Urinary tract infections (UTIs) are the commonest human bacterial infections and are responsible for substantial morbidity and mortality, resulting in increased healthcare costs. Most UTIs are caused by specialized Escherichia coli (E. coli) strains referred to as uropathogenic E. coli (UPEC). UPEC possess a variety of virulence factors (VFs), which the organism uses to attach, invade, and injure the host. These VFs include adhesins, toxins, iron acquisition factors, lipopolysacharide capsules, and other invasins. Most studies on UTI pathogenesis have targeted VFs. The source of UPEC is the host’s fecal flora. According to the pathogenicity theory, UPEC strains with special VFs move from the host’s fecal flora to the urogenital tract and cause UTI. However, another theory states that the numerically abundant strain is responsible for UTI. Effective UTI management is hampered by the recent rise in antibiotic resistance, specifically, the recent emergence of multidrug-resistant E. coli sequence type 131. The distribution of VFs and other bacterial characteristics among different patient groups and UTI syndromes, is crucial understanding UTI pathogenesis, which would guide clinical decision making. For ST131 clonal group, further epidemiological studies are needed to clarify transmission pathways, risk factors for spread, and reservoirs, so that effective control measures can be devised.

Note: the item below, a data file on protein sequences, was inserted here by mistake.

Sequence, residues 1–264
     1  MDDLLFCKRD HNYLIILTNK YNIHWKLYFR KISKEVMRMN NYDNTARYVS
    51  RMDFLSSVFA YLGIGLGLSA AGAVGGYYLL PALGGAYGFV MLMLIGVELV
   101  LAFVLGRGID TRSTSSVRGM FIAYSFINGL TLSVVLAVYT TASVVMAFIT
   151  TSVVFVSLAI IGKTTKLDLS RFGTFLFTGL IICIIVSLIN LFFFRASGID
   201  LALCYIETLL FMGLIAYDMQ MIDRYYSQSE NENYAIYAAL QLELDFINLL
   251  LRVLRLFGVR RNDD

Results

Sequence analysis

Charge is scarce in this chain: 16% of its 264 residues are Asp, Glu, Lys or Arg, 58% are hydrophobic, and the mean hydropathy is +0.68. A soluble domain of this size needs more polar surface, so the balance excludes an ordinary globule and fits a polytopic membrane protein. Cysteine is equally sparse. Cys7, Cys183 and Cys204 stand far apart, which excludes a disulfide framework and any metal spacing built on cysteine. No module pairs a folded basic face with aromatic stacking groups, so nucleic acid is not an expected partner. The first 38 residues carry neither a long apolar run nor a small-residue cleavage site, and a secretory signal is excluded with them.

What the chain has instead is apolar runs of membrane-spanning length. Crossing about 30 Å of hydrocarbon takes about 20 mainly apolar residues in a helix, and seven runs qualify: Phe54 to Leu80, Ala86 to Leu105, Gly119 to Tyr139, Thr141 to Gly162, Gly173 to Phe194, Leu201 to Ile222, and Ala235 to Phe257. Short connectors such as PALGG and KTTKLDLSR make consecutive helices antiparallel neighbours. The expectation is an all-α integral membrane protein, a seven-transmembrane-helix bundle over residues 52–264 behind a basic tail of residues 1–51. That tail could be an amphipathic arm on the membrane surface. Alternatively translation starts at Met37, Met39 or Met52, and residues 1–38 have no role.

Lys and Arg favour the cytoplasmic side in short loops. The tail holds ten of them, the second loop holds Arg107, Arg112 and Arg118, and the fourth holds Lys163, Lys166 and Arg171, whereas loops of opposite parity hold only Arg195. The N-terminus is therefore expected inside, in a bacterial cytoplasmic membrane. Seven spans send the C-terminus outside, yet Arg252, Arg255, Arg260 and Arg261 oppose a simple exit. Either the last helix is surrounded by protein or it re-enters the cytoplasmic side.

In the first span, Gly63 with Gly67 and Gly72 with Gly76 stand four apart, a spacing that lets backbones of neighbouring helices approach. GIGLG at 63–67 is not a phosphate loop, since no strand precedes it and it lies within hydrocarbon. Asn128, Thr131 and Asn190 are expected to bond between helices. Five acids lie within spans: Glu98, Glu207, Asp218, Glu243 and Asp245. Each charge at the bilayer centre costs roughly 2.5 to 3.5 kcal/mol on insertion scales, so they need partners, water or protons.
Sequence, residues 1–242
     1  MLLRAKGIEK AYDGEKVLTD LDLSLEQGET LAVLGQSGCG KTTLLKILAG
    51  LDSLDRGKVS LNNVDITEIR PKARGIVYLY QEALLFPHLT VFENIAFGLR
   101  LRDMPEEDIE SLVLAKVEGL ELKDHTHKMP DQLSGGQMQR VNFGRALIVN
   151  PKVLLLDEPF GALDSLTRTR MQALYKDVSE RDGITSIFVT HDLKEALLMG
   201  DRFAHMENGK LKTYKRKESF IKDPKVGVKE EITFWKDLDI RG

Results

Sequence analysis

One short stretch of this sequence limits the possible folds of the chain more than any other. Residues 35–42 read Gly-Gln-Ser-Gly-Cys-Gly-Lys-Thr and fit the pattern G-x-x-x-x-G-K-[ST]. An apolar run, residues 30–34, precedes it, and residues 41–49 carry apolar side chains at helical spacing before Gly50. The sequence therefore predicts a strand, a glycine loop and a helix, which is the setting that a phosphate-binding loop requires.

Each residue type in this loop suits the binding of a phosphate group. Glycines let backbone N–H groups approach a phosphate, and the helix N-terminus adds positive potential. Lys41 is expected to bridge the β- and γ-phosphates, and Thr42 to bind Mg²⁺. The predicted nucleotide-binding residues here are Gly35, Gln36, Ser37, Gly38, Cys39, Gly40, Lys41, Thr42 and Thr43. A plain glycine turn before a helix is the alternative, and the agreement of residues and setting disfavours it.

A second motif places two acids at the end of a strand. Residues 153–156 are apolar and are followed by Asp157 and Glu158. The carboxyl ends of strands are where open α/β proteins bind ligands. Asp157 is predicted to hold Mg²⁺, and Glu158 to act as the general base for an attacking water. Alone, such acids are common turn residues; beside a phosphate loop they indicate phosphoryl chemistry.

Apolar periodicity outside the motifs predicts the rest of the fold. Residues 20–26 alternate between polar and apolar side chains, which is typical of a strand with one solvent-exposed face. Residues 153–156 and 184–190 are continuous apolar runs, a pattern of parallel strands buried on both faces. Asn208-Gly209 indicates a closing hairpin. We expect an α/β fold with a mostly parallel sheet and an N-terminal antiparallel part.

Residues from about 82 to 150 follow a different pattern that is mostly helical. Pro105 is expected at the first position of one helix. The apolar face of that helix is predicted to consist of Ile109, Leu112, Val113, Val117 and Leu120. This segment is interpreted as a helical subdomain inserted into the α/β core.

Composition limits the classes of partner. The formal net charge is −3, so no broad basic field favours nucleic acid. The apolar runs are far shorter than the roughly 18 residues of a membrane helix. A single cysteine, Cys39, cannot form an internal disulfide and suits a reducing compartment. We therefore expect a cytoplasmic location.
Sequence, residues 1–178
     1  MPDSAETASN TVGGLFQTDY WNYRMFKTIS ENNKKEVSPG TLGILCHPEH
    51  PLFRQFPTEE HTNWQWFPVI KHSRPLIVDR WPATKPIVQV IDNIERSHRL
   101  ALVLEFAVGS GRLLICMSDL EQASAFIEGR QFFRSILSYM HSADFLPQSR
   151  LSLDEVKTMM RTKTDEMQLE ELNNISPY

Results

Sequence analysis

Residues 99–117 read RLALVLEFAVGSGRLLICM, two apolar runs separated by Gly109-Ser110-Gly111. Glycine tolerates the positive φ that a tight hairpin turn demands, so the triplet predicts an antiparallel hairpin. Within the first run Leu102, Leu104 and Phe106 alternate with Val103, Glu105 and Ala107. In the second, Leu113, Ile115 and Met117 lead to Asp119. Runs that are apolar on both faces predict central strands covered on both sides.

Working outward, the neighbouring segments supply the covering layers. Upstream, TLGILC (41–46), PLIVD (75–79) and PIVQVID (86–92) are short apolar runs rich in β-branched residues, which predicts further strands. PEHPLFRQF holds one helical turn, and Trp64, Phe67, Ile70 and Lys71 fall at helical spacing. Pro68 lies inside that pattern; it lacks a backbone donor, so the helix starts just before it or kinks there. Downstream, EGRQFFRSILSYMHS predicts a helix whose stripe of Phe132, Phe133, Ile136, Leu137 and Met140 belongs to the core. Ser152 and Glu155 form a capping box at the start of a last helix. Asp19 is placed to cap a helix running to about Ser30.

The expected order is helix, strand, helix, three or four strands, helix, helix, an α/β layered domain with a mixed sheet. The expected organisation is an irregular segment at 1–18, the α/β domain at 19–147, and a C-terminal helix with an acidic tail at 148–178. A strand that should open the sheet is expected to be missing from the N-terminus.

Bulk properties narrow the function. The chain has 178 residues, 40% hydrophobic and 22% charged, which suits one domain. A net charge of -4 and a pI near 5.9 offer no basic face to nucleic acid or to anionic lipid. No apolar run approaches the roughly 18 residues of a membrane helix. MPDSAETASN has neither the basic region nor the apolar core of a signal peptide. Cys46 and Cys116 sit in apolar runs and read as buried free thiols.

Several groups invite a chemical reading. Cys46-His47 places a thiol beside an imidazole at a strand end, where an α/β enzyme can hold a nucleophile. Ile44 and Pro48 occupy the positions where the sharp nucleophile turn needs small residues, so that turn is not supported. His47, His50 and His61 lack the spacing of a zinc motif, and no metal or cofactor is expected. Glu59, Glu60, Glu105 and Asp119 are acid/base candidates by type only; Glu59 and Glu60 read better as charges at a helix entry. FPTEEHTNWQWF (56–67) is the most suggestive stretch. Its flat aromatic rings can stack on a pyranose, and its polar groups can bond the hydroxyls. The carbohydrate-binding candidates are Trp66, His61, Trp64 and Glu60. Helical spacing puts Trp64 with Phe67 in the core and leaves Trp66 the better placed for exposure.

Part of the book: Escherichia coli